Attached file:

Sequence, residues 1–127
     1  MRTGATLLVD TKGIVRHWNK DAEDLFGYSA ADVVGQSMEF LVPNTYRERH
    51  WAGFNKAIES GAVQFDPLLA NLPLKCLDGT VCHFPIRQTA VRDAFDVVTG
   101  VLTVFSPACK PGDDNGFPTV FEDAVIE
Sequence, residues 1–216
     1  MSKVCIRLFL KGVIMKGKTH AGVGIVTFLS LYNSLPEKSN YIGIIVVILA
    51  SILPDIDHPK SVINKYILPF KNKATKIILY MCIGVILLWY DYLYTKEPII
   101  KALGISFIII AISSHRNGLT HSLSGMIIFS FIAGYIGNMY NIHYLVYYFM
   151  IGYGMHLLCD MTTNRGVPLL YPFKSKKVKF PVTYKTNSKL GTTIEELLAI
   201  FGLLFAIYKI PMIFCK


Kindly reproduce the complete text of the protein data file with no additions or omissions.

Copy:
Sequence, residues 1–127
     1  MRTGATLLVD TKGIVRHWNK DAEDLFGYSA ADVVGQSMEF LVPNTYRERH
    51  WAGFNKAIES GAVQFDPLLA NLPLKCLDGT VCHFPIRQTA VRDAFDVVTG
   101  VLTVFSPACK PGDDNGFPTV FEDAVIE
Sequence, residues 1–216
     1  MSKVCIRLFL KGVIMKGKTH AGVGIVTFLS LYNSLPEKSN YIGIIVVILA
    51  SILPDIDHPK SVINKYILPF KNKATKIILY MCIGVILLWY DYLYTKEPII
   101  KALGISFIII AISSHRNGLT HSLSGMIIFS FIAGYIGNMY NIHYLVYYFM
   151  IGYGMHLLCD MTTNRGVPLL YPFKSKKVKF PVTYKTNSKL GTTIEELLAI
   201  FGLLFAIYKI PMIFCK